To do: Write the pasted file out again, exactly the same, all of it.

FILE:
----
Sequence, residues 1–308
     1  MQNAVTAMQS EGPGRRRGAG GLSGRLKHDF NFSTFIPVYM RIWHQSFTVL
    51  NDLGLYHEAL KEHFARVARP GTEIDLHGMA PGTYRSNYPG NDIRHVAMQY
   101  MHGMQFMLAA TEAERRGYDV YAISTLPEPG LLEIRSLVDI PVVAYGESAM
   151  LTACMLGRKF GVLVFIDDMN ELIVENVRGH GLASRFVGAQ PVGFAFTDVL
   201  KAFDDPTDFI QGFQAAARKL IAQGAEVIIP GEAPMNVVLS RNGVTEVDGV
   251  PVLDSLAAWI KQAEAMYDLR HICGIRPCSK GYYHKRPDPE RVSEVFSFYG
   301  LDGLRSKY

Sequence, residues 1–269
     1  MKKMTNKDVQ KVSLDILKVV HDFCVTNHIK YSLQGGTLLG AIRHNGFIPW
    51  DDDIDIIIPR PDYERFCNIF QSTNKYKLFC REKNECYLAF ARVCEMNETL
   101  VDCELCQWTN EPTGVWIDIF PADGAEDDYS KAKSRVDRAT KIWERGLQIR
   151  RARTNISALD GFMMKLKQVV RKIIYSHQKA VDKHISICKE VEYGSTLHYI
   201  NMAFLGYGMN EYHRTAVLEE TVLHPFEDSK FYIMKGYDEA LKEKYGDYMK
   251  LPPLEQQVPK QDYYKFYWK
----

Sequence, residues 1–308
     1  MQNAVTAMQS EGPGRRRGAG GLSGRLKHDF NFSTFIPVYM RIWHQSFTVL
    51  NDLGLYHEAL KEHFARVARP GTEIDLHGMA PGTYRSNYPG NDIRHVAMQY
   101  MHGMQFMLAA TEAERRGYDV YAISTLPEPG LLEIRSLVDI PVVAYGESAM
   151  LTACMLGRKF GVLVFIDDMN ELIVENVRGH GLASRFVGAQ PVGFAFTDVL
   201  KAFDDPTDFI QGFQAAARKL IAQGAEVIIP GEAPMNVVLS RNGVTEVDGV
   251  PVLDSLAAWI KQAEAMYDLR HICGIRPCSK GYYHKRPDPE RVSEVFSFYG
   301  LDGLRSKY

Sequence, residues 1–269
     1  MKKMTNKDVQ KVSLDILKVV HDFCVTNHIK YSLQGGTLLG AIRHNGFIPW
    51  DDDIDIIIPR PDYERFCNIF QSTNKYKLFC REKNECYLAF ARVCEMNETL
   101  VDCELCQWTN EPTGVWIDIF PADGAEDDYS KAKSRVDRAT KIWERGLQIR
   151  RARTNISALD GFMMKLKQVV RKIIYSHQKA VDKHISICKE VEYGSTLHYI
   201  NMAFLGYGMN EYHRTAVLEE TVLHPFEDSK FYIMKGYDEA LKEKYGDYMK
   251  LPPLEQQVPK QDYYKFYWK